I joined Twitter a while back. But I canceled my account the same day.
I decided that my “tweets” — the short accounts of what’s going on in my life — generally aren’t that interesting to me so they probably wouldn’t be that interesting to others, either.
Who wants to read, “I shook the cobwebs out of my sleepy head, sat at the breakfast table and discovered that my beloved wife had prepared French toast for me”?
That may be of some interest to someone who owns stock in the companies that make Wonder Bread, Land O’ Lakes butter and Log Cabin syrup. But that’s about it.
Facebook sounded like a better fit for me. But I procrastinated when it came to joining. Even though several of my buddies have been encouraging me for months to open a free Facebook account, I resisted, thinking that dealing with Facebook might be a bit beyond my limited computer abilities.
Then came an invitation to join Facebook from my friend Jon Book. And that got the wheels in my gray matter turning.
Jon is a fine broadcast engineer — there is none better — but I didn’t think he knew that much about computers. In other words, when I had a computer problem at the radio station, Jon wasn’t my first call. Or my second.
But then I get this e-mail saying Jon is on Facebook, and he wants me to join. Wow, did I feel behind the times! After almost passing out from the shock, I thought, ‘if Jon can do it, I can do it.’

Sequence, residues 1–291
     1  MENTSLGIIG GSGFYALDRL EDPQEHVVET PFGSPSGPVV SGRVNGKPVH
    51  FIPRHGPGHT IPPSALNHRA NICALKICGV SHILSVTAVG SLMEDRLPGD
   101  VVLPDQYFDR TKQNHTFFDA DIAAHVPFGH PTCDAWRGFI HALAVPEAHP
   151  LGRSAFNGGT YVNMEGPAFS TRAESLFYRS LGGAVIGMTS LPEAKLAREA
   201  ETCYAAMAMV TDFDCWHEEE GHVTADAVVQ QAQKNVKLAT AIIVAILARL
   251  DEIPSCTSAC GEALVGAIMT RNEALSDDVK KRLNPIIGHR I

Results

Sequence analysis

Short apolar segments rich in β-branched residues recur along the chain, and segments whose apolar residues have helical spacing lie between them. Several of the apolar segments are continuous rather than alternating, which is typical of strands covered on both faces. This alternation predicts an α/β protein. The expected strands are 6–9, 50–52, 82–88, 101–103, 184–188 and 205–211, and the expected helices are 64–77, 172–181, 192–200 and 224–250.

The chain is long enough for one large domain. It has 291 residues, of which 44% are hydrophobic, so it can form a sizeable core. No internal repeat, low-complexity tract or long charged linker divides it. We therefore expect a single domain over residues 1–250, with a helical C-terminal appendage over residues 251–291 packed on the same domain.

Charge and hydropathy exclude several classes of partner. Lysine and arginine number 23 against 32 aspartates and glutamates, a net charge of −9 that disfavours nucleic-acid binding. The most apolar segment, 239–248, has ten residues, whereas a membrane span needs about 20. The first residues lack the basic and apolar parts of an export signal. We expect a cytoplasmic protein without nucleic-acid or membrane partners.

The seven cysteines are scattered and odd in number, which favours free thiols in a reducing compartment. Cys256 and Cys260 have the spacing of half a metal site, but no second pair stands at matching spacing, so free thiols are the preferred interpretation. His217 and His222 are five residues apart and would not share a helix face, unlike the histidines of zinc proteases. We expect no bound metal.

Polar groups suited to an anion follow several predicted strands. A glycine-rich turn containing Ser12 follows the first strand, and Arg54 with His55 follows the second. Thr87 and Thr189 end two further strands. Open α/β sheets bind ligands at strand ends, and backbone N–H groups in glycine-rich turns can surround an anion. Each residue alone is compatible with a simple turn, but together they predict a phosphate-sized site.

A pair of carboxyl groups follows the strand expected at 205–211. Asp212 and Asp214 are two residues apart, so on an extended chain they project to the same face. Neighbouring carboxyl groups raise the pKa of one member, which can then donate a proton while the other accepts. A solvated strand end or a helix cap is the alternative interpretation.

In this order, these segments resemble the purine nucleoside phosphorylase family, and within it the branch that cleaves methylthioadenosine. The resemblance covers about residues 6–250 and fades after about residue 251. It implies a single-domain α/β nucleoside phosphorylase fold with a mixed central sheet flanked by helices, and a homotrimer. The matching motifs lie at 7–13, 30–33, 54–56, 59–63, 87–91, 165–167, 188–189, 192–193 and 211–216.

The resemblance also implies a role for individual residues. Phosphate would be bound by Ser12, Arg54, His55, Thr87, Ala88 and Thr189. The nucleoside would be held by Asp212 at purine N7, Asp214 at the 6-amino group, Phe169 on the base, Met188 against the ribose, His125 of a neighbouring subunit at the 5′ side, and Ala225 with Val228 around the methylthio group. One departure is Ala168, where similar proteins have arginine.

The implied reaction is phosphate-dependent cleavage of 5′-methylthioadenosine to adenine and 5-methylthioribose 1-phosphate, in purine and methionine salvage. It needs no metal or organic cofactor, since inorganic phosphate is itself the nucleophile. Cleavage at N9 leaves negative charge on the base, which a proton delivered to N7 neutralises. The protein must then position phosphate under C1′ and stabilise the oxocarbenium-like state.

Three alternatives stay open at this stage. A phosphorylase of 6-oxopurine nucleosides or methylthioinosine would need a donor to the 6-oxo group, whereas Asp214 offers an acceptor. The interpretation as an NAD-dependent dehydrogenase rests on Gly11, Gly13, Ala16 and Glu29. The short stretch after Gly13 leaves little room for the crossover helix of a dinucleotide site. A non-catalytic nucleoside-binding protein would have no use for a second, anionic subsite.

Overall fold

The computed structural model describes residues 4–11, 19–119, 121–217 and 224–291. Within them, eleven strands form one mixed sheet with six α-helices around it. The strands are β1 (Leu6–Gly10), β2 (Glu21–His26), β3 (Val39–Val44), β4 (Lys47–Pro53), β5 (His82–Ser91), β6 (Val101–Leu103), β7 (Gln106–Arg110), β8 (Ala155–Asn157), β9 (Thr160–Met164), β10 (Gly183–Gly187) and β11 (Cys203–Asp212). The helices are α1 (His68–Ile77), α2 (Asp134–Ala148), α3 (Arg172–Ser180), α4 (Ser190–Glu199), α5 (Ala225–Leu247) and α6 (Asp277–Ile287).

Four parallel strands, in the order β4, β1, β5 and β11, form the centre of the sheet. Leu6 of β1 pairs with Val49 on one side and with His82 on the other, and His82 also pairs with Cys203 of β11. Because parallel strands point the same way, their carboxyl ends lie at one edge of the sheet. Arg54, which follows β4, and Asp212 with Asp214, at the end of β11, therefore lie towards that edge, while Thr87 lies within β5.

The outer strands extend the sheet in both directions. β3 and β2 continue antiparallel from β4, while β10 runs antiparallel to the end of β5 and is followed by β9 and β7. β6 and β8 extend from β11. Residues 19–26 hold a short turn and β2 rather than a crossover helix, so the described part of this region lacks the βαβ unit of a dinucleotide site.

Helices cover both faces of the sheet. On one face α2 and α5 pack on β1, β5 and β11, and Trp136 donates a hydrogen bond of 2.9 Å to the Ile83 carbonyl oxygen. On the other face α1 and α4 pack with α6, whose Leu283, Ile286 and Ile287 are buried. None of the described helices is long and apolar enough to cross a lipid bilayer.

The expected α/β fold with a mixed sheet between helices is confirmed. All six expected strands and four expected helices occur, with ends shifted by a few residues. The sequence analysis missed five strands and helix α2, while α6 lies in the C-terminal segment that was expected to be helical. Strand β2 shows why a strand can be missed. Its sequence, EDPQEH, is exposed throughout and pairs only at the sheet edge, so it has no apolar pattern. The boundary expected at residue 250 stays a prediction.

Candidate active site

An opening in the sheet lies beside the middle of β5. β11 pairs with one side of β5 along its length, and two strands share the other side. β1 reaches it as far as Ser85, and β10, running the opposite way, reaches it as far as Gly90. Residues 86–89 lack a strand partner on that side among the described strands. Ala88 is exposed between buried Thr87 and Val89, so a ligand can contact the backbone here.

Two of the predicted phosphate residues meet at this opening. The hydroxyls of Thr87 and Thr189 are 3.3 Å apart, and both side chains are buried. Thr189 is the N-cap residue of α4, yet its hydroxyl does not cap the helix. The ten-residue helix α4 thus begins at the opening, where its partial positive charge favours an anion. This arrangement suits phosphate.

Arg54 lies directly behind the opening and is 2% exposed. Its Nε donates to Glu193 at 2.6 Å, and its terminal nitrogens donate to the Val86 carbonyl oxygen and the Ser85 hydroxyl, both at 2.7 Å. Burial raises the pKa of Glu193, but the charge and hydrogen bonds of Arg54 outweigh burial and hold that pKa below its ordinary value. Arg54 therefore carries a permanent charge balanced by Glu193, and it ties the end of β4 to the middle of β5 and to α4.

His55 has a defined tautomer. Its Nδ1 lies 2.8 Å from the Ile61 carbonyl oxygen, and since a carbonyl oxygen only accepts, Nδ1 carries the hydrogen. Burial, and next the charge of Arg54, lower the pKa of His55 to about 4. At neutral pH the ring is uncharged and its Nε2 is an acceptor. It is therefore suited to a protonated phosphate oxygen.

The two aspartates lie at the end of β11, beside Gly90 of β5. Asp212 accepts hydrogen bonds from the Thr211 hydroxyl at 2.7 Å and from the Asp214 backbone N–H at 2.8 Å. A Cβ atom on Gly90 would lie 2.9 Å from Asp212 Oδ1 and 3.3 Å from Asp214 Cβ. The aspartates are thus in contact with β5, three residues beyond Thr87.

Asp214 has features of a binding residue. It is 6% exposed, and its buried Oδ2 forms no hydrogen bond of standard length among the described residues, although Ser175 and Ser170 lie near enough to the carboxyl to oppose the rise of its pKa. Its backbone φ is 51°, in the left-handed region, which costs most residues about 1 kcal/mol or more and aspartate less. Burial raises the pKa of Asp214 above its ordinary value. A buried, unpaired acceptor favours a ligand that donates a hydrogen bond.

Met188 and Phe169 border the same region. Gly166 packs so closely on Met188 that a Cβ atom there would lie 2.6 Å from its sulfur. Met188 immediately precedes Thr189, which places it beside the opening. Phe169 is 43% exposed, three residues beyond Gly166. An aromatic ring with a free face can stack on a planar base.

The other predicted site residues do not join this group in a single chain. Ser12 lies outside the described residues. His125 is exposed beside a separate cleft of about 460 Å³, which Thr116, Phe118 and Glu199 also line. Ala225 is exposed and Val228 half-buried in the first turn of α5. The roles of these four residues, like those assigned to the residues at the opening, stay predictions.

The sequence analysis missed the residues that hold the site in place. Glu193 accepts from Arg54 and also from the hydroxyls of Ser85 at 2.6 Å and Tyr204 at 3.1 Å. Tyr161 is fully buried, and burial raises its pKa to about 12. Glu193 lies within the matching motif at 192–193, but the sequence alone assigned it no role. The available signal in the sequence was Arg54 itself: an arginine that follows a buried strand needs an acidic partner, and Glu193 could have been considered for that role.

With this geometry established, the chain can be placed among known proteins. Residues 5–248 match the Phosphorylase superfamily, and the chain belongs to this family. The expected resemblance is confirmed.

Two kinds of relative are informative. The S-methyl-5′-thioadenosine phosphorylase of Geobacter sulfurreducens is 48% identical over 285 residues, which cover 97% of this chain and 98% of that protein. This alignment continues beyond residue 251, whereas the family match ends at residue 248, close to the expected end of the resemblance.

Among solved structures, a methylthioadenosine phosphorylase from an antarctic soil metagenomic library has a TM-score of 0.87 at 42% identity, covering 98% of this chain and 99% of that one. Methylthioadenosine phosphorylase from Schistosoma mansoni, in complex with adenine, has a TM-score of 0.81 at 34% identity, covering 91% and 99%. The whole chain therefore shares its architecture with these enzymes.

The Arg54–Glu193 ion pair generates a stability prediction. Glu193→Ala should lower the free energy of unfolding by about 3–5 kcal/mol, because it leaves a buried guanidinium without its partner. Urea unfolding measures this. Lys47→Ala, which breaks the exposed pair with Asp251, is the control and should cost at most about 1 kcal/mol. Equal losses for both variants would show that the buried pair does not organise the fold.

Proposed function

And I did. Last night, right after supper. I joined Facebook.
Looking back, it wasn’t difficult at all. They walk you through it. And I’m happy with the results.
By joining I learned that I have scores of friends, relatives and former classmates on Facebook, and I’ve already connected briefly with many of them. From this point on, I can read what they have written and respond to it only if I want to.
If I want to write about my life, I will. But if I don’t have anything to share beyond the breakfast menu, I won’t post anything. Thanks, Jon Book, for nudging me electronically forward.
Copyright 2009 by Phil Roberts, Creative Enterprises.